And there's huge switching costs for this, right? Once you put a robot in, it's really hard to just take it right back out again, because that would be downtime and a lot of money, but I know that there's also restrictions -- Brian, this is a longer-term question, but about the regulations around safety for industrial robots. They have to be kept in cages if they're fully automated, and sometimes that's difficult, to work alongside with human workers on those automation lines.
And so, one thing that we're seeing out there, at least for people that are self-proclaimed cutting-edge innovators is they like the idea of collaborative robots. Maybe they're offering augmented reality and vision, maybe there's these smaller co-bots that are responding to what the human is wanting to do, rather than just some task-specific thing on an industrial line. They're more regulatory-friendly and they're more human-worker-friendly.
My question for you is, how do you see this playing out? Is this really the trend, that we're going to have more collaborative robots in industrial manufacturing? Or is this more of a complement to those more rigid industrial robots that are doing step-by-step on those assembly lines? How do you see this playing? Is collaborative robots -- is this an opportunity or is this a threat for those large robotic manufacturers?
Global Innovations Fund portfolio manager Brian Gahsman: No, no, I think it goes hand in hand. You have to realize that, A, when one company implements robotics and automation in their line, their competition really has no choice to do it. As you mentioned, just due to the cost savings. If you're an average-sized company in the U.S., just because you have the option now to implement FANUC or Yaskawa, total automation, all of your lines, just completely automated, that does not mean that every company has the capital to be able to do that, to be able to afford to do that. Everyone would love to automate their entire facility and drop their costs completely, but that's not feasible.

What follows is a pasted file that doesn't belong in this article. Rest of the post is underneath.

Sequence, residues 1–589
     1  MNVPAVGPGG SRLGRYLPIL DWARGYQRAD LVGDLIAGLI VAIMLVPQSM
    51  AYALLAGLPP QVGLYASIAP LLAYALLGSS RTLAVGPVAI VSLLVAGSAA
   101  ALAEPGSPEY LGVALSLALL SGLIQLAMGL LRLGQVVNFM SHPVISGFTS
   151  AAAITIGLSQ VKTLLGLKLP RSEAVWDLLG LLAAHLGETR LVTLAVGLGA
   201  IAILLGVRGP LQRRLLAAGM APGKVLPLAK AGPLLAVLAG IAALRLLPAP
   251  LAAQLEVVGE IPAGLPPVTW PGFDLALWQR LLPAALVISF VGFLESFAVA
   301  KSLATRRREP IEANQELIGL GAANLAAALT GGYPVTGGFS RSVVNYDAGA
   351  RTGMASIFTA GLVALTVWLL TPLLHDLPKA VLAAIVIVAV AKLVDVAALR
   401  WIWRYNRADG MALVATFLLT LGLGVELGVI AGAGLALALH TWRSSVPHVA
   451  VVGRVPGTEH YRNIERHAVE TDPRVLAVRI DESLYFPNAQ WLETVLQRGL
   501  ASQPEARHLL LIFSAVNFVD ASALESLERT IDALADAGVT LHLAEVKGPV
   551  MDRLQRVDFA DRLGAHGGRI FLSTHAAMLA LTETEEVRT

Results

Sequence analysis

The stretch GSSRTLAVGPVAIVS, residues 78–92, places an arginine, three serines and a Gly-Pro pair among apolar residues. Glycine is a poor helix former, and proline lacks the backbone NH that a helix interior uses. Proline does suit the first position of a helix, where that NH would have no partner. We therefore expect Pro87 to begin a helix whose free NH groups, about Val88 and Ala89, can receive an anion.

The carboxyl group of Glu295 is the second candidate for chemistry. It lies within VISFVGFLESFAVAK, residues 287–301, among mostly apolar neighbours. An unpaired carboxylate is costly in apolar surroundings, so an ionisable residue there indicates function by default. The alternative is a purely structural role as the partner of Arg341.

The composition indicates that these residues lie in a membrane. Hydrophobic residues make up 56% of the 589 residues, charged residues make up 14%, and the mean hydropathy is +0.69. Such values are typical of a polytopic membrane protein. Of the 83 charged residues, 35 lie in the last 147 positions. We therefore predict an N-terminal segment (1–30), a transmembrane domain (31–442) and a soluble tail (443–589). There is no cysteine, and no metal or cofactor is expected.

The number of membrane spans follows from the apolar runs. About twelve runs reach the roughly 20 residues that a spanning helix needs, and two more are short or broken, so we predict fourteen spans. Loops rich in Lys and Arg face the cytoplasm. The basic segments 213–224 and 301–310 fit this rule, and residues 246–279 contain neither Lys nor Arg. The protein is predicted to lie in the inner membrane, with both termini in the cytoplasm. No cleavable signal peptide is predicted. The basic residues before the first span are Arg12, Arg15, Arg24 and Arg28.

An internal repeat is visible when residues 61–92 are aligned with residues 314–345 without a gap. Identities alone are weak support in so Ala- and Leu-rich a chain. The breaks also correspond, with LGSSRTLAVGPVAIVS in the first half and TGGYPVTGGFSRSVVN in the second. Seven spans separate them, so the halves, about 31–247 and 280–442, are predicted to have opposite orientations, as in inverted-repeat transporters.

So the collaborative robots, by, as you mentioned, yes, taking the cages down from around the big machines ... They're also less expensive than using the big machines and automating an entire facility. Using the collaborative robots, you maintain much similar sizing in your human staff and they're smaller, less expensive. And the collaborative robots, they work with humans and they check and they optimize and they document any improvements that can be done. They also learn from working hand in hand with humans, due to the advancements in AI that we've had up to this point. Now, to be completely honest, if every company in this country had the cash bucket that Amazon did, then sure, you would just have FANUC or KUKA come in and have your whole factory automated from the front door to the package that's going out the back.
So, collaborative robots are, I think, more realistic. And they also are kind of a catalyst to this global adoption that we've seen.
John Mackey, CEO of Whole Foods Market, an Amazon subsidiary, is a member of The Motley Fool’s board of directors. Simon Erickson owns shares of Amazon, Apple, Fanuc, and Tesla. The Motley Fool owns shares of and recommends Amazon, Apple, and Tesla. The Motley Fool has the following options: long January 2020 $150 calls on Apple and short January 2020 $155 calls on Apple. The Motley Fool recommends Marriott International. The Motley Fool has a disclosure policy.